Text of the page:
Inspired by Valve’s development textures, I thought I’d try this method to suppress my chronic urge to stop and do details during the blocking out stage. By taking away the textures, you remove everything you could possibly get stuck on mentally while you want to lay down a basic layout.
Which is what really matters IMO. When you make a game, levels in this case, you want something that is a) solid and b) finished. It may not necessarily win any prizes. But it’ll *exist* in the first place and it’ll *work*. Players aren’t interested in super-detailed gorgeously-lit miniatures. They need something that they can play in. When ijed was hitting some sort of roadblock during the making of dm7rq, I remember looking at the original dm7 (a popular multiplayer level) and coming up with this verdict: “It’s just a box to kill people in.” Literally. Yet it is pretty popular. The ultimate purpose of a level is to contain gameplay, not to wow fellow level designers, much less yourself.
This notion (“box to kill other players in” instead of “unique snowflake level design masterpiece”) seemed to help him. Of course dm7rq turned out pretty nice in the end, but the underlying philosophy is still very simple.
I tend to have a problem while doing singleplayer levels where I block out an area, then instead of doing the next area, I stop and begin to refine what I built. And while this satisfies my inner detail monkey, it means the level isn’t growing organically. It is much better to block out large stretches of a map in order to bring it into existence in the first place, and get a working layout and gameplay going. Even if it’s just a succession of boxes – you can later improve and partially rebuild boxes and detail them all you want. But the level has to come into existence somehow to give you (or others, if you work in a team) something to work with. It’s about getting stuff done at all instead of always making plans while building a few beautiful pipes to keep yourself occupied.
Anyway, this experiment worked out very well. I had created one of the missing areas (consisting of three rooms, a moving train setup, a diving passage through lava and some airduct style crawling spaces) in no time and hence plugged a gap in the level’s layout. There is also very basic gameplay in place already, like a few strategically placed monsters and the idea of the train ride (the trains themselves are represented by boxes, not fully setup already; the planned ladders don’t exist at all yet, but there are niches for them to fit in). I’ll worry about texturing and detailing and lighting this stuff later. What matters is that it’s in place now instead of in my head, no matter how well lit and detailed the imagined version of it was. The actually existing version is more valuable, even though it’s boxy and the textures are missing.
What’s more, I will go directly ahead and lay out the next set of rooms this time, using the same non-texture, instead of detailing what I built.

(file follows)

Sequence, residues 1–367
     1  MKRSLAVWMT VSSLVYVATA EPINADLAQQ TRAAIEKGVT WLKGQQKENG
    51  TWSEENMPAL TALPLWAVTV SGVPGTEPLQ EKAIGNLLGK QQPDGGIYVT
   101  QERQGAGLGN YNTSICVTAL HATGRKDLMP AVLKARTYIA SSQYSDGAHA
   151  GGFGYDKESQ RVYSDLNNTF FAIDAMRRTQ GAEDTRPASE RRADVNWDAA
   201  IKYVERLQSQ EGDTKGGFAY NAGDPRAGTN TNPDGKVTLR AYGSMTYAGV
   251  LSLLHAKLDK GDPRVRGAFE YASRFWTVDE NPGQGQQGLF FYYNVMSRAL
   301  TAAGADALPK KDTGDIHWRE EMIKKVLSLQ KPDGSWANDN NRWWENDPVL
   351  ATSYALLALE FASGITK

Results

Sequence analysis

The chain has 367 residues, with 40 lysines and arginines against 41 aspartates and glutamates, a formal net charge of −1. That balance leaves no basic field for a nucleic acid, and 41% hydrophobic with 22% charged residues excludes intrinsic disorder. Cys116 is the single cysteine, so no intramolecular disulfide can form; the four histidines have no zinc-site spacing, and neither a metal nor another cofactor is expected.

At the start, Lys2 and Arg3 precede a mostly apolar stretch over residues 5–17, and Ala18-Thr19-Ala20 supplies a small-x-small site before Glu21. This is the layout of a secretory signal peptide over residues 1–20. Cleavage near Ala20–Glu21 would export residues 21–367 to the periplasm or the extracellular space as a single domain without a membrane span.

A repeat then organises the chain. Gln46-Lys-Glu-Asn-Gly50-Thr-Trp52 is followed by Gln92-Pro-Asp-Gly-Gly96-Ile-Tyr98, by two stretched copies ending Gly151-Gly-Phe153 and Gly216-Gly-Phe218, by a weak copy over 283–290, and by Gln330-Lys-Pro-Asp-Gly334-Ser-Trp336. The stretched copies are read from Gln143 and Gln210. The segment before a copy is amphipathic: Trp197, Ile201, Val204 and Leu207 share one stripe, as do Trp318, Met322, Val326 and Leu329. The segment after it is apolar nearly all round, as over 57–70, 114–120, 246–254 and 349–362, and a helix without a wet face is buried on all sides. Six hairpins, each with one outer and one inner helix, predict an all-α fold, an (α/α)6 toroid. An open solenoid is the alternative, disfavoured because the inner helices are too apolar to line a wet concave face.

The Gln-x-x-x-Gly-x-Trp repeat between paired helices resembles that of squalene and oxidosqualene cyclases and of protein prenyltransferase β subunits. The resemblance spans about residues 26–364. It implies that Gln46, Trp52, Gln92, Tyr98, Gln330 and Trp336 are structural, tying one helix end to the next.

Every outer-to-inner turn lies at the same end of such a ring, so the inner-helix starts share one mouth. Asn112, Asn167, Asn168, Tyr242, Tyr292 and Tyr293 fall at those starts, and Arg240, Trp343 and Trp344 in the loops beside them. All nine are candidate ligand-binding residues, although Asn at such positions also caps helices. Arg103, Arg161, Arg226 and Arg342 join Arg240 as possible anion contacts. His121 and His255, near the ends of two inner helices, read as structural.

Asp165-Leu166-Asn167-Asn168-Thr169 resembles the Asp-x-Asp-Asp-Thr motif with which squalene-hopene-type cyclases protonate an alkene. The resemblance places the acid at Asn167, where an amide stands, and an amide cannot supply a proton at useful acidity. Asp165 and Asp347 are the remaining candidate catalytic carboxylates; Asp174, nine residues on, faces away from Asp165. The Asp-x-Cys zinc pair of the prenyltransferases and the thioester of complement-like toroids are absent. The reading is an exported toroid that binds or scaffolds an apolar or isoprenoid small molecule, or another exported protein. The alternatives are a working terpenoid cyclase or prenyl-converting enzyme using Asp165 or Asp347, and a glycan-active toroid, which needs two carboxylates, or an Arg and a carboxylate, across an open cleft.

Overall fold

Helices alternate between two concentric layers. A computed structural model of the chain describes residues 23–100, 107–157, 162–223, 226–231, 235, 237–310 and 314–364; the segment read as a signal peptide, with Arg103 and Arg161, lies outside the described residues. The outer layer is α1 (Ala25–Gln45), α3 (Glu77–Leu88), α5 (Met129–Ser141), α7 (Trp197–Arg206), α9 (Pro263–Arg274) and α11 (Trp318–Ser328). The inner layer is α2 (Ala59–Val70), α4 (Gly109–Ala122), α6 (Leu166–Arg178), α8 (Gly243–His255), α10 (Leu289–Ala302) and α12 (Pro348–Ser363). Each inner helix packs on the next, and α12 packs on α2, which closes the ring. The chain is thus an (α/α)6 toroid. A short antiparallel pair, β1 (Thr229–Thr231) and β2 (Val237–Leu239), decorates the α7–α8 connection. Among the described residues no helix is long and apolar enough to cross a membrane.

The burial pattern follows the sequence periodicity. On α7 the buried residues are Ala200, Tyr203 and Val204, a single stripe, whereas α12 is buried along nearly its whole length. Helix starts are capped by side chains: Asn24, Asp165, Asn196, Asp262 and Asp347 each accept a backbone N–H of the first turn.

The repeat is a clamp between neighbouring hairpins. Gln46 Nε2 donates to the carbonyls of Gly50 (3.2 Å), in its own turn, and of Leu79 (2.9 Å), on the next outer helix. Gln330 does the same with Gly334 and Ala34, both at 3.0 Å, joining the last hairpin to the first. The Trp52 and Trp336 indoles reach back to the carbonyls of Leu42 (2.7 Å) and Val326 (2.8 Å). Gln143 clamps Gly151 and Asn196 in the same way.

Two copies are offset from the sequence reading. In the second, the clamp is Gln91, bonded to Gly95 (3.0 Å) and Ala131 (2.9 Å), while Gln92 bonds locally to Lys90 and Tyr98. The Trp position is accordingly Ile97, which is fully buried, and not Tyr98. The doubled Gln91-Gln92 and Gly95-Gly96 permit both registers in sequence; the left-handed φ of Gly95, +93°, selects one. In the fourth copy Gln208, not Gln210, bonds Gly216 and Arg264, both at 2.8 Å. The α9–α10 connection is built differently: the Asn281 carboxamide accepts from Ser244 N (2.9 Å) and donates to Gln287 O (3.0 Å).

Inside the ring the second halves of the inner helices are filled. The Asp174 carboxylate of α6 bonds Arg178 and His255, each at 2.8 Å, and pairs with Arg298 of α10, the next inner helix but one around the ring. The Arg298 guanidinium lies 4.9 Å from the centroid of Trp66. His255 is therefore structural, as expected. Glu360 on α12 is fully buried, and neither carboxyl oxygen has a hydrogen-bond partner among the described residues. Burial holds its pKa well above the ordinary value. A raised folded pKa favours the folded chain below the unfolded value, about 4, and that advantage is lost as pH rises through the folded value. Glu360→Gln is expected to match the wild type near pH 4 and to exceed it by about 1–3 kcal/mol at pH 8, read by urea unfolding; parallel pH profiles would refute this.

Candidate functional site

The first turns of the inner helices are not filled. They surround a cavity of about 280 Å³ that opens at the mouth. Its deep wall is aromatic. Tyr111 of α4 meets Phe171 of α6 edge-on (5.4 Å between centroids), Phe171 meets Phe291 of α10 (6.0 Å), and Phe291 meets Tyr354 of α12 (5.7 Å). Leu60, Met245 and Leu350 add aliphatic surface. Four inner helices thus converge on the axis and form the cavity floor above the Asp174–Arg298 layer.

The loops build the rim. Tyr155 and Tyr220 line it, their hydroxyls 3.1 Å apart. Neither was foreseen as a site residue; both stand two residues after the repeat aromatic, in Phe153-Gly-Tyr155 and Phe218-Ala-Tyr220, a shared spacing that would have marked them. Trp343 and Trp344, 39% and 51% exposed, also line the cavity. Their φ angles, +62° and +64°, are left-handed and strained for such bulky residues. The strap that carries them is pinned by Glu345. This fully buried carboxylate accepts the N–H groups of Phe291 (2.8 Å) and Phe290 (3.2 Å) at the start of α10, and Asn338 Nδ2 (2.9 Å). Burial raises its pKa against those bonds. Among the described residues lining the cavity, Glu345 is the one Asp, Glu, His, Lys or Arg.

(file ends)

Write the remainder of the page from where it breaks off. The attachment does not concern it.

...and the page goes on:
I find this method very helpful, although it doesn’t seem to work for everybody. I can see why Valve are doing this. It removes mental blocks and encourages you to keep laying down brushes very much like using lego, in a stream of consciousness way, instead of always worrying about “how am I going to texture this, how will it look in the game” and so on.
Of course some experience with scale, texturing and putting stuff into the game will help, but the goal here is to put all those concerns aside and just get on with claiming space, ie increasing the space available in the level to put gameplay in.
Bam, large amount of space claimed for later polishing in no time at all. I estimate this’ll add about three to five minutes to the level’s play time. Laying it down took 2 – 3 hours.
As for monsters etc. in this area, there are only two (!) spots where I’ll definitely have a monster – one at the train exit point, and one ambush a bit later. The lava room will have an injured marine and some items. One small corner will be a secret. And that’ s it folks. It doesn’t need dozens of monsters to work.
FYI, the level in question has under 50 monsters on hard skill, but takes me about 15-18 minutes to play through. I assume others will get a lot more play time out of it on their first few runs at least. This is in contrast to a lot of recent Quake levels that house hundreds of monsters, but not much else.
There was a previous experiment with “development textures” in a Quake level done by Willem (Warren M) here. It didn’t work out for him as he lost interest in the level. Personally I think that was because he started putting in too many details and entities instead of just claiming as much space as possible by using giant brushes and sealing and compiling it ASAP.
Valve usually builds “orange maps” with bare gameplay essentials before actually working on level art and textures. Concentrate on the layout of your level, then apply textures and lighting afterwards. Create the basic map structure using dev textures (type “dev” in the filter box) and big, simple blocks. For a Counter-Strike map, place some spawn points, some buy zones and some bomb sites. No stairs, just ramps.
“Big, simple blocks” is the key phrase here.